James Wolfe


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Wolfe, James,

1727–59, British soldier. After a distinguished record in European campaigns, he was made (1758) second in command to Jeffery Amherst in the last of the French and Indian WarsFrench and Indian Wars,
1689–1763, the name given by American historians to the North American colonial wars between Great Britain and France in the late 17th and the 18th cent.
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. Through his skillful siege operations, he became a hero of the capture of Louisburg (1758) from the French, and he was rewarded with the command of an expedition against the French at Quebec, which he himself had urged. After frontal attacks on the positions of General MontcalmMontcalm, Louis Joseph de
, 1712–59, French general. His name in fuller form was Louis Joseph de Montcalm-Gozon, marquis de Saint-Véran. A veteran of the War of the Polish Succession and the War of the Austrian Succession, he was sent (1756) to defend Canada in the
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 at Quebec had failed, Wolfe took 5,000 men in boats down the St. Lawrence by night and forced an open battle with the French on the Plains of AbrahamAbraham, Plains of,
fairly level field adjoining the upper part of the city of Quebec, Canada. There, in 1759, the English under Gen. James Wolfe defeated the French under Gen. Louis Montcalm.
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 (Sept. 13, 1759). The British were victorious, but both Wolfe and Montcalm were killed. The battle was decisive in the fall of New France to the British. Wolfe is vividly portrayed in Thackeray's Virginians.

Bibliography

See biographies by C. Hibbert (1959) and D. R. Robin (1960); F. Parkman, Montcalm and Wolfe (1884); R. Howard, Wolfe at Quebec (1965).

References in periodicals archive ?
Thanks to his role in the siege of Quebec, the historical General James Wolfe (1727-59) had by 1859 enjoyed a century near the head of the pantheon of British imperial heroes.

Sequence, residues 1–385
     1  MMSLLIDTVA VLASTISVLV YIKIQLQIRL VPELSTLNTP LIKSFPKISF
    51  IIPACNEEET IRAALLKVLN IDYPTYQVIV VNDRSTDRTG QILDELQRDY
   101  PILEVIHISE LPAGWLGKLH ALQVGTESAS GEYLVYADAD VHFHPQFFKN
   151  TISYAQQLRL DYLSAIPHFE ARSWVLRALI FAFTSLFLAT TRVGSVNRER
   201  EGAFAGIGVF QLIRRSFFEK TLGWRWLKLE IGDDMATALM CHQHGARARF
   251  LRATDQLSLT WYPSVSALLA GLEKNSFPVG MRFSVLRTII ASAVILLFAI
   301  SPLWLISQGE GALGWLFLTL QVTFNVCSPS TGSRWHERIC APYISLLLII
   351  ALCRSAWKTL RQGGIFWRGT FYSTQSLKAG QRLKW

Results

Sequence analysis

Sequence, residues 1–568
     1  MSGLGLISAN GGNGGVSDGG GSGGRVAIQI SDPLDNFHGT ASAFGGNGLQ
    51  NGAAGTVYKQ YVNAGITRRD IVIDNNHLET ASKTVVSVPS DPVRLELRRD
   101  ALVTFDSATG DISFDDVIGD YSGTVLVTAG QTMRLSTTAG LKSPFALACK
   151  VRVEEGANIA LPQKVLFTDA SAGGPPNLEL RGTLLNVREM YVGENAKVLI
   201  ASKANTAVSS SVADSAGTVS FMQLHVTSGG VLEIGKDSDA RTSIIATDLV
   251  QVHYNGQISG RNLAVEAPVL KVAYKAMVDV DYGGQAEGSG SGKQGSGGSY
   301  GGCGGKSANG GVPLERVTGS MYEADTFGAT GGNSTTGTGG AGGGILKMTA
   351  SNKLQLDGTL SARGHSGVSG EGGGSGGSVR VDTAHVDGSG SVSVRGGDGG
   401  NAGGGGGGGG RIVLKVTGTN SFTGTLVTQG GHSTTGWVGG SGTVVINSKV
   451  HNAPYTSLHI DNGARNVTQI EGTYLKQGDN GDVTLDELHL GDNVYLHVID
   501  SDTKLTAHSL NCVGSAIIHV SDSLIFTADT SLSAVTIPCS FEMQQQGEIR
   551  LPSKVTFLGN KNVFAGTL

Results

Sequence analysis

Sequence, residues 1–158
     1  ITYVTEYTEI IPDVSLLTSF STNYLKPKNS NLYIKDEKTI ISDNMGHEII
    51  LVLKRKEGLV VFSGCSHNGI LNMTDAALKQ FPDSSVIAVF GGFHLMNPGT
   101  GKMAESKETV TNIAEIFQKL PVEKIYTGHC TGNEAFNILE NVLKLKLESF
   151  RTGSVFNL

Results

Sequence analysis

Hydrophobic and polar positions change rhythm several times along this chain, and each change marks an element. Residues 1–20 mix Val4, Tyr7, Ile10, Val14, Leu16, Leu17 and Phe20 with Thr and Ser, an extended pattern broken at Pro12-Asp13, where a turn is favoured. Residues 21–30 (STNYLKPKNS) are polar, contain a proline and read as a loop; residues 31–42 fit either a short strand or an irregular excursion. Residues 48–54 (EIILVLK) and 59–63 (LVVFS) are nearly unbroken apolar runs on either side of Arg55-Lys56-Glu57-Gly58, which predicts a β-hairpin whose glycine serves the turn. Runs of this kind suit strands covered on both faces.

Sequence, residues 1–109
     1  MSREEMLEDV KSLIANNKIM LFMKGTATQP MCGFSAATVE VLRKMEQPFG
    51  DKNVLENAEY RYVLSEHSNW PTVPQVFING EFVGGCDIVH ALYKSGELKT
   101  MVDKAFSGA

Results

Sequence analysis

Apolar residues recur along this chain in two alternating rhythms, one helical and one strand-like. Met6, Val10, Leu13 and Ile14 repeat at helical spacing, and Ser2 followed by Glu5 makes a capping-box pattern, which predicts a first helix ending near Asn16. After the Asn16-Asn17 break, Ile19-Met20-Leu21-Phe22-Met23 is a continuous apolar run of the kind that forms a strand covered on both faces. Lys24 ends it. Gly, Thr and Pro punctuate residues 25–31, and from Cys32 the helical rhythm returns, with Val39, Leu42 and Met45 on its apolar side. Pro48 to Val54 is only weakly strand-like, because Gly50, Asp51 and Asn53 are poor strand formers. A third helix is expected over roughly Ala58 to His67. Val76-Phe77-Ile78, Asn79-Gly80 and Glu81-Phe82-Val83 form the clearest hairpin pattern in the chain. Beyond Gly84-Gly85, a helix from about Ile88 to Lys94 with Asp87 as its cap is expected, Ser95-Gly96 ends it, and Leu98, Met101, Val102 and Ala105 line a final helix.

Across the ocean in England, Ben Franklin (Colm Meaney) is visiting Prime Minister William Pitt (a bemused Tim Roth), who entrusts gung-ho General James Wolfe (Jason Isaacs) with wresting Canada from the French.
(GAZ621) JAMES WOLFE, CEO of BALANCE BAR COMPANY (BBAR), describes the company's business and its background; prospects for the industry, with positive and negative trends; competitive threats; strategic opportunities for the firm including its marketing plans and acquisition potential; management strength and organization; and the financial prospects of the firm looking forward.
The city of Quebec was under attack by a British force under the competent James Wolfe (1727-1759) and being defended by the equally competent Louis-Joseph de Montcalm-Gozon (1712-1759).
James Wolfe (December 30); took part in Wolfe's Quebec campaign (June 26-September 13, 1759), and was wounded while leading the grenadiers at the Plains of Abraham (now within Quebec city limits) (September 13); as acting brigadier general he took part in the siege of Belle Ile, off the coast of France (1761); distinguished himself at the siege of Havana (June 20-July 30, 1762), where he was wounded (July 22); lieutenant governor of Quebec (September 1766); then governor (1767-1770); after return to England he became colonel of 47th Foot (April 2, 1772) and major general (May 25); returned to Canada (late 1774), where he was greeted with popular acclaim; governor of Quebec (January 10, 1775), he was subordinate to Gen.
After five years of ebb and flow, the war turned in favor of the British following the Battle of Quebec, in which General James Wolfe led a British force of 9,000 against half as many French troops under the command of Louis Joseph, <IR> MARQUIS DE MONTCALM </IR> , in September 1759.
The hotel was originally a family home built by aristocratic army officer James Wolfe Murray in 1861.
How old was General James Wolfe when he was first commissioned?
table is as close as ever after the three Pacesetters Woolton Okell narrowly squeezed past Pex Hill 2-1 thanks to James Wolfe, who chipped in with a brace as Edi Ubido scored for Pex Hill with his fourth of the season.
Neither of the fallen generals, the Marquis of Montcalm and James Wolfe, had done more than plod through the three-month Siege of Quebec: Montcalm had quite failed to fortify the vital Point Levis, from which the invaders proceeded to blow the city to smithereens, while Wolfe's first assault at Montmorency was ill conceived, ill planned and ill led.